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  • 40 under 40 by Fortune Italia.  Selected to be on the cover of the July/August 2022 Fortune Italia magazine.



    Selected as one of the finalists for the best paper award at the IEEE International Conference on Development and Learning 2021 for the paper Garello, L., Lastrico, L., Rea, F., Mastrogiovanni, F., Noceti, N., & Sciutti, A. (2021). Property-Aware Robot Object Manipulation: a Generative Approach.


    Alessandra Sciutti: International prize Tecnovisionarie 2021, promoted by Women&Tech dedicated to excellent women in AI, for the category AI and Robotics


    Radoslaw Niewiadomski: Honorable mention at the 26th International Conference on Intelligent User Interfaces (IUI 2021)for the paper "Multimodal Emotion Recognition of Hand-Object Interaction"


    Alessandra Sciutti: Selected to be included in the database of profiles of excellent female researchers from all disciplines since 24.06.2021


    Alessandra Sciutti: Selected as an ELLIS Scholar in the ELLIS (European Lab for Learning and Intelligent Systems) Unit od Genoa.

  • International Prize

    Alessandra Sciutti: Prize promoted by Women&Tech dedicated to excellent women in AI and Robotics


  • Best contribution

    Giulia Belgiovine: Best contribution in AI and Robotics Award at the Second Italian Conference in Robotics and Intelligent machines (I-RIM) for the work "Towards Effective Robot Tutoring for Skills Acquisition"


    Giulia Belgiovine: Best paper award at the International Conference on Social Robotics 2020 for the wHiSPER paper "Toward Effective Robot Tutoring in Motor Skill Learning"

  • Honorable mention

    Carlo Mazzola: Honorable mention at the ACM/IEEE Human Robot Interaction Conference 2020 for the paper "Interacting with a Social Robot Affects Visual Perception od Space"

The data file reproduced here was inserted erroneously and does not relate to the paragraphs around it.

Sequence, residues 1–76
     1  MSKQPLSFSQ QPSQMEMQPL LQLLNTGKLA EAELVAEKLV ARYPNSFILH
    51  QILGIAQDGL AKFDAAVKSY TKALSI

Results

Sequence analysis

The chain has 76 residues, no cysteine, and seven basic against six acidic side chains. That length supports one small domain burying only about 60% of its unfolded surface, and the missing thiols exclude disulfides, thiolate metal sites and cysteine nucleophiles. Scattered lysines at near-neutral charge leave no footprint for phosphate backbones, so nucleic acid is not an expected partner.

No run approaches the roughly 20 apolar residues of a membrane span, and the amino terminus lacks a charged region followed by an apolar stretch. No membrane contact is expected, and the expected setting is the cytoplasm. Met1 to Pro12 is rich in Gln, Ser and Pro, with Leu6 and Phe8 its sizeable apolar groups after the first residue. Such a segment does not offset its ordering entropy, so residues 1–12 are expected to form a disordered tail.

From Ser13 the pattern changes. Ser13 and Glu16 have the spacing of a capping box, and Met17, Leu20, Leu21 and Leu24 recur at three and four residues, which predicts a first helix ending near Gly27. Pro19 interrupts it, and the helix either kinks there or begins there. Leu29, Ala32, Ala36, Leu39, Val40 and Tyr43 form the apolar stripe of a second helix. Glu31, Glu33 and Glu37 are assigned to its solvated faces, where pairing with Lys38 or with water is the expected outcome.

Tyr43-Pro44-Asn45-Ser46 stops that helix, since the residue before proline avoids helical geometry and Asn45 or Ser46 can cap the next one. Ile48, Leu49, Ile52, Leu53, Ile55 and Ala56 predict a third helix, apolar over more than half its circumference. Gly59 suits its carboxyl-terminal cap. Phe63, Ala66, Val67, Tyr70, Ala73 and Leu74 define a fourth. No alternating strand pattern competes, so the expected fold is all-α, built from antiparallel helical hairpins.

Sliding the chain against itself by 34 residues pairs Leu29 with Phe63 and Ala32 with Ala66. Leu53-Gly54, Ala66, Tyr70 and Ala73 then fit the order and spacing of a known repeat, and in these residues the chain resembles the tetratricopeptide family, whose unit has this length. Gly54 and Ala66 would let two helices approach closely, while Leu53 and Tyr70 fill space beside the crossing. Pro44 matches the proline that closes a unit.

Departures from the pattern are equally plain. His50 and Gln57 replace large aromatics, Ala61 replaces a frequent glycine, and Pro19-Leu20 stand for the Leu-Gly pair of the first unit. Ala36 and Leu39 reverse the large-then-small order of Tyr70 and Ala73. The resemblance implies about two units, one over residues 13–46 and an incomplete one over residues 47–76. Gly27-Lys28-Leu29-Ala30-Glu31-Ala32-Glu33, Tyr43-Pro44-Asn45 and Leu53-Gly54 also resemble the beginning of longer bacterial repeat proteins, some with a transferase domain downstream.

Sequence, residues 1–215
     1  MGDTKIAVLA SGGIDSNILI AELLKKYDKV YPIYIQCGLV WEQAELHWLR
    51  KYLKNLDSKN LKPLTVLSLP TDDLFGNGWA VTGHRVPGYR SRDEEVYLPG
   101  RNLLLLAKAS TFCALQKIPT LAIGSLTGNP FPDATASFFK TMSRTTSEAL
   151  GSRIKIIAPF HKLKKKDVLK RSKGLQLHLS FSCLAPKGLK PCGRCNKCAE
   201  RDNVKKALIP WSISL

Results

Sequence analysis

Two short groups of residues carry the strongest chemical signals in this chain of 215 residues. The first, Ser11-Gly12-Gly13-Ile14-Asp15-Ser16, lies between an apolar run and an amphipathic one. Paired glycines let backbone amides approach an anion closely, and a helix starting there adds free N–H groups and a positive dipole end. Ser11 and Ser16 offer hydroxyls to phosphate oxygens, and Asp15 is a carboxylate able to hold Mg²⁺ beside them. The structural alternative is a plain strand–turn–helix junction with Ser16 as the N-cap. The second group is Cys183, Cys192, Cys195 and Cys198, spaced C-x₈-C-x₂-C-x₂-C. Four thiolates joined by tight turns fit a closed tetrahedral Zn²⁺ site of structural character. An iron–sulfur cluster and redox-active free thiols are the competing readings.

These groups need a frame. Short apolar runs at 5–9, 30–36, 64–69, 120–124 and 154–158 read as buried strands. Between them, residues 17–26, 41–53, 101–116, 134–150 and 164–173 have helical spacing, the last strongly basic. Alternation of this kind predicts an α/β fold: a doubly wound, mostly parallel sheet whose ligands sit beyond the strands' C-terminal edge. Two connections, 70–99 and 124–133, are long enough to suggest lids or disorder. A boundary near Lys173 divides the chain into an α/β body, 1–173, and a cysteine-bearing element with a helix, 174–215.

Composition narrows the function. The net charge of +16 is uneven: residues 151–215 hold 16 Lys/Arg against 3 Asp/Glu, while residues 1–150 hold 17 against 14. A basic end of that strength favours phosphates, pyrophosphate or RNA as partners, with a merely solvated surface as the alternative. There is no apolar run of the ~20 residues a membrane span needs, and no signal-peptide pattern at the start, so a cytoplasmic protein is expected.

Selected as one of the finalists for the best paper award at the International Workshop on Human Friendly Robotics (HFR) with the paper Lastrico L., Carfì A., Vignolo A., Sciutti A., Mastrogiovanni F., Rea F. 2020 ‘Careful with That! Observation of Human Movements to Estimate Objects Properties’


    Most popular presentation runner-up of the conference track  at the Tenth Joint IEEE International Conference on Development and Learning and Epigenetic Robotics (ICDL-EpiRob 2020) for the work Barros P., Tanevska A., Cruz F., Sciutti A. 2020 'Moody Learners - Explaining Competitive Behaviour of Reinforcement Learning Agents'.



    Alessandra Sciutti: Selected as one of the 15 most influential women in the digital world in Italy by Digitalic


    Alessandra Sciutti: selected one of the finalists for the best paper award at the Joint IEEE 9th International Conference on Development and Learning and Epigenetic Robotics (ICDL-EPIROB) with the paper Sciutti A., Sandini G. 2019, ‘The role of object motion in visuo-haptic exploration during development’, Oslo, Norway, August 19-22, 2019

"Interacting with a Social Robot Affects Visual Perception of Space", the paper presented at HRI 2020 International Conference on Human-Robot Interaction, has been awarded with a Honorable Mention

Human partners are very effective at coordinating in space and time. Such ability is particular remarkable considering that visual perception of space is a complex inferential process, which is affected by individual prior experience (e.g. the history of previous stimuli). As a result, two partners might perceive differently the same stimulus. Yet, they find a way to align their perception, as demonstrated by the high degree of coordination observed in sports or even in everyday gestures as shaking hands. Robots would need a similar ability to align with their partner's perception. However, to date there is no knowledge of how the inferential mechanism supporting visual perception operates during social interaction. In the current work, we use a humanoid robot to address this question. We replicate a standard protocol for the quantification of perceptual inference in a HRI setting. Participants estimated the length of a set of segments presented by the humanoid robot iCub. The robot behaved in one condition as a mechanical arm driven by a computer and in another condition as an interactive, social partner. Even if the stimuli presented were the same in the two conditions, length perception was different when the robot was judged as an interactive agent rather than a mechanical tool. When playing with the social robot, participants relied significantly less on stimulus history. This result suggests that the brain changes optimization strategies during interaction and lay the foundations to design humanaware robot visual perception.